In our family, it is also birthday season. October heralds the beginning of a run of birthdays that continues all the way through to the end of January. There are not so many now my beloved grandparents are no longer celebrating earthly birthdays — but still there are quite a few to get through by the time you count in immediate family, aunts and uncles and extended family. There are also a number of friends who blow out candles at this time of the year, so most weeks, there is some kind of cake on offer.
Growing up, my family always made a fuss of birthdays. There would be presents and cards, and cake and my grandparents would always come over to see us after school and stay for dinner. Mum used to ask what we would like for dinner and what type of cake we would like, and our birthday dinner was always something to look forward to. Birthdays were always exciting.
When I was young, I always knew when my birthday was coming up, simply by the changing of the seasons. I lived in Queensland, across the road from a golf course. As soon as September arrived, the golf course would get that sweet summery smell. The plovers would begin nesting and calling out at night, and the transition into summer PJs would occur.
A few days out, cards would arrive in the mail and the sense of excitement would begin to grow.
During my University years, the jacarandas would begin to bloom in October. If anyone has ever been to The University of Queensland in October, you know it’s a sight to behold. For most of my fellow students, it was a bad sign, as it meant exams were on the horizon. Me, I loved them. Not only did they remind me of the tree my grandparents had in their front yard, but they were yet another sign my birthday was almost here.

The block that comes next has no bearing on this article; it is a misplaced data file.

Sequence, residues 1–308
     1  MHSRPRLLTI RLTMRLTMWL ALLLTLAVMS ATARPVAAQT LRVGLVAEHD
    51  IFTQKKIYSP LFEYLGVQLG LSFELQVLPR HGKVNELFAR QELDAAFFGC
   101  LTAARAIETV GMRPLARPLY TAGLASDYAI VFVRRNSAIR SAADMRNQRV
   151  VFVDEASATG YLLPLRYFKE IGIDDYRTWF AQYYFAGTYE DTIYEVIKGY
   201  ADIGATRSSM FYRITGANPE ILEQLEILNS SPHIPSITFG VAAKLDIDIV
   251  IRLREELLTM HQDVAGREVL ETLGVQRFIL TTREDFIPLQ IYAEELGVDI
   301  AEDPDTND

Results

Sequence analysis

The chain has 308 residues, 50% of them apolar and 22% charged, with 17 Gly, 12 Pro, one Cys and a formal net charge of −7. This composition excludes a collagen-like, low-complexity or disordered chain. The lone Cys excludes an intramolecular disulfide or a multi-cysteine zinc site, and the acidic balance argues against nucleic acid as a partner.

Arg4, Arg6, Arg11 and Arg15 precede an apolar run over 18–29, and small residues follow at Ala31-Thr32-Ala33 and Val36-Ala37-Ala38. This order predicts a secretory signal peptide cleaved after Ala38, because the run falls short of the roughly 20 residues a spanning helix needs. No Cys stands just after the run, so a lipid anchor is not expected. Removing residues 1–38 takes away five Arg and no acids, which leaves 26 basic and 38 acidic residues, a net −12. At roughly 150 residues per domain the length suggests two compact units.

Even though the number of candles on my cake increase each year, there is still a sense of excitement. But it’s not about what presents I will get and what fuss will be made of me, as it was in my younger years.
The excitement lies in watching my children get excited when my birthday comes along. For a couple of weeks, they think about what to buy. A few days before, paper, pens and pencils come out to make birthday cards, and the night before, there is much secrecy in our bedroom as they wrap their hand-picked presents, ready to give me the next day. All part of the birthday traditions in our house.
It’s nice to carry on traditions, I think. And while each family develops their own birthday traditions, I hope that the traditional excitement that birthdays bring is one that will never die.
Tell me, what birthday traditions do you carry on?